Alcohol-Related Facts & Figures

Alcohol & Your Health

Alcoholism kills 100,000 to 200,000 Americans a year.  There are 13 million alcoholics: 34 out of 35 of them will die from their drinking either directly or indirectly.  Consider the following:

  • Alcohol abuse is second only to Alzheimer’s disease in causing mental deterioration in adults.
  • Fetal Alcohol Syndrome is the 3rd leading cause of birth defects.
  • Alcoholics are 10 times as likely to die from fires as non-alcoholics, and 5 to 13 times as likely to die from falls.
  • Alcoholics commit suicide 6 to 15 times more often than the general population.
  • Alcoholism is a factor in 40% of all suicide attempts; 67% of homicides; 54% of all violent crimes; 80% of domestic violence; 60% of emergency room admissions; 40% of industrial accidents; 50% of all traffic accidents; 38%-50% of hospital admission-although most are never so identified.

Alcoholism in the Workplace

American industry has a multi-billion dollar hangover. Estimates of the annual cost to business of alcohol-related problems on the job range from $25 billion to as much as $100 billion per year.  60% of all substandard job performance is alcohol-related and the cost of lost productivity alone has been estimated at $31-65 billion a year.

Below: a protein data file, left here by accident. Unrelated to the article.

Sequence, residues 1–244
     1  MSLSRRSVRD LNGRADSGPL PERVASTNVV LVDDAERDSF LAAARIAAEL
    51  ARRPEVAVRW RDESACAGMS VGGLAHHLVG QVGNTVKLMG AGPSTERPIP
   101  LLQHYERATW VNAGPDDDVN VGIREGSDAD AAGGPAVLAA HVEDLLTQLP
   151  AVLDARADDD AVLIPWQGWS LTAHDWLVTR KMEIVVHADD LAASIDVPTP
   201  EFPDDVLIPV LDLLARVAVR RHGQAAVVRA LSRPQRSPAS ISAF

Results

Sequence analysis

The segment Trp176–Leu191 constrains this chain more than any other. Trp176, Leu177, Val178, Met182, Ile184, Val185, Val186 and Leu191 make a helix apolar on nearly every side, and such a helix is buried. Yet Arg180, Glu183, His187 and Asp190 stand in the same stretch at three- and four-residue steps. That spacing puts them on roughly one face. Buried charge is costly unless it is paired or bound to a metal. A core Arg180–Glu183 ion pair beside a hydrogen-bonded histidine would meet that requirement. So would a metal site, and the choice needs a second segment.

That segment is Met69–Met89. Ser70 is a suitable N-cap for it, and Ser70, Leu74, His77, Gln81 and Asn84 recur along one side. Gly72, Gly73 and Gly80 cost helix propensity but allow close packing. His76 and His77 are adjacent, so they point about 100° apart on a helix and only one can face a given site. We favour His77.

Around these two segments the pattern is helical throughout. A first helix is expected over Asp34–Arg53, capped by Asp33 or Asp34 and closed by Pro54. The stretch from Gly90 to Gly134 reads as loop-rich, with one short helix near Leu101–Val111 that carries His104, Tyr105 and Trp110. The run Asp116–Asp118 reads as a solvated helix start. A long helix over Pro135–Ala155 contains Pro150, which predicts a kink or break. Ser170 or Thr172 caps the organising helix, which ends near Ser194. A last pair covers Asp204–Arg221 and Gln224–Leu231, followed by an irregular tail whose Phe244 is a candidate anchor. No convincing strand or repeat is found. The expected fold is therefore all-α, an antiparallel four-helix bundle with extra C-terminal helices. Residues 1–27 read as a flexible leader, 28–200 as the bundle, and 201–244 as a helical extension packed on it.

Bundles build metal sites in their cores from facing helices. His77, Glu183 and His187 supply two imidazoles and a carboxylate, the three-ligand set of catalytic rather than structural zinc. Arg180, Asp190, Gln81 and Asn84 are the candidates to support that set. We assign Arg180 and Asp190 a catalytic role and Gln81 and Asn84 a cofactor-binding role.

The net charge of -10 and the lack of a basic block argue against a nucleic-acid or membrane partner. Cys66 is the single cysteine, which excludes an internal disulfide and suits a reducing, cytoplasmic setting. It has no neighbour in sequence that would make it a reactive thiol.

An alcoholic employee costs his company 25% of his salary in lost productivity, absenteeism, medical costs, poor performance and industrial accidents, as well as the additional supervisory time required by erratic, uneven performance and attendance.  When employees’ alcohol problems are identified and treated, these costs go down and production goes up.  cost savings from reduced absenteeism alone are estimated at $1,000 per employee treated.

Alcoholics value their jobs more than anything else, including their health or even their families, so job performance is usually the last area to be affected by their drinking.  Although often the last to realize that a problem exists, employers are frequently the first and most effective in seeking a constructive solution.  Employers recognize that is is more cost effective to treat an alcoholic employee than to replace him.  They recognize that alcoholism is a disease and are becoming increasingly active in offering treatment options for employees with drinking problems.

Many companies has Employee Assistance Programs which provide counseling and referral services for substance abuse and emotional problems.  These are very effective in treating alcohol abuse: 6 to 8 of every 10 referred patients return to their jobs with successful long term recoveries.  For every dollar invested in EAPs, employers realize returns ranging from $2 to $20.

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